LOOK AT THE BASE
A good frying pan would be designed to distribute heat quickly and evenly, and should also be able to store the heat. This allows your food to cook evenly. A good pan can also respond quickly to temperature changes – this is especially useful if you like to use one pan for a couple of dishes. So, for example, you may want to use it on higher heat to cook your steak, and then braise vegetables in the same pan on a lower heat. If the base is not able to change temperature quickly, you’ll end up burning or over-cooking your veggies.
TEST OUT THE HANDLE
When you’re in the store, don’t be shy to get a good grip of the pan’s handle to test how it feels in your hand. Is it too heavy for you? Does it feel comfortable in your hand. Imagine having to pour the contents from the pan into a dish. Some pans, like cast iron ones, will naturally be heavier. So ask yourself if you will cook with it regularly. If so, you’ll probably prefer cooking with a pan that can retain heat well, yet be light enough to handle comfortably. The handle itself should also feel good in your hand. An ergonomically-designed handle will make the pan easier to use.
WHAT'S YOUR HOB TYPE
There’s no worse feeling than purchasing a pan you got excited about in store to go home and realise you can’t use it on your induction stove. So, make sure you pick up the right pan. Regular stovetops, using flame or electrical heating elements, heat your pan through contact. This means heat is transferred through contact from the flame to the base of the pot to the ingredients in the pot, through thermal conduction.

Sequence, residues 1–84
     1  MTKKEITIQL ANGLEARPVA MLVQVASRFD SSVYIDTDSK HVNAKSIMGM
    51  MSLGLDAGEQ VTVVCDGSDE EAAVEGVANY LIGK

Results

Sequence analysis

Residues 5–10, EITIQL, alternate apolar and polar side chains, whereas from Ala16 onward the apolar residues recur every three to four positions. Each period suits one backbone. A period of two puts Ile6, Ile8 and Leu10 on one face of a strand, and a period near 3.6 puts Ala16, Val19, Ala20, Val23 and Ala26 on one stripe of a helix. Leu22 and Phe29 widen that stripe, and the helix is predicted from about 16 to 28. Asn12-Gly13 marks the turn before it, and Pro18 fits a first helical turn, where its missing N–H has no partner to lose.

If you use an induction cooktop, you need pots and pans that are made with a magnetic material so that an electric current can be generated from the induction burners below the ceramic surface of your hob. It is this current that creates heat in your pan.
Too complicated? Go for a pan that is suitable for all types of hobs. Fortunately for us, many pots and pans manufacturers now have these.
TRY FOR SIZE
Ask yourself what you want to use that specific pan for. Is it just to fry that sunny-side up egg for breakfast or do you want something that you’ll want to use for your stir-fries for a family of four? Consider the number of people you’ll be cooking for as it will help you come to a decision.
NON-STICK OR STAINLESS STEEL?
Non-stick pans are easy to clean, which is great for the time-challenged. Don’t stinge on a non-stick pan; buy the best you can afford as the non-stick coating will be better quality and will last much longer. Also, if you prefer mid- to low-heat cooking, a non-stick is better; and if things you cook tend to be sticky, like eggs, non-stick is the way to go.
Stainless steel pans are usually preferred by chefs because they conduct heat evenly, which helps with even cooking, but good stainless steel pans are heavier. They’re a little trickier to manage, and if you haven’t had enough practice, you could burn your food and have to deal with sticking. There is a technique: Turn heat to high, then turn down and swirl drop of oil around. Leave for a minute or so and then add food. Basically, you want the “pores” of the pan to close up while you’re cooking and food will be less likely to stick.
Pans like the new WMF Speed Profi (pictured) give you the benefits of a stainless steel pan. It’s designed to be able to go up to 300 C (most non-sticks withstand about 260 C), so you can get that nice sear on your steak. It’s also got an innovative Rapid Heat Technology in its base, which allows the pan to be responsive to temperature changes. So, if you’re cooking your vegetables in the pan juices, you can bring down the heat quickly without risk of burning your greens. The clever ergonomic plastic handle is also designed with flame protection. The Speed Profi comes in two sizes, 24 cm ($199) and 28 cm ($239), and is available at leading department stores.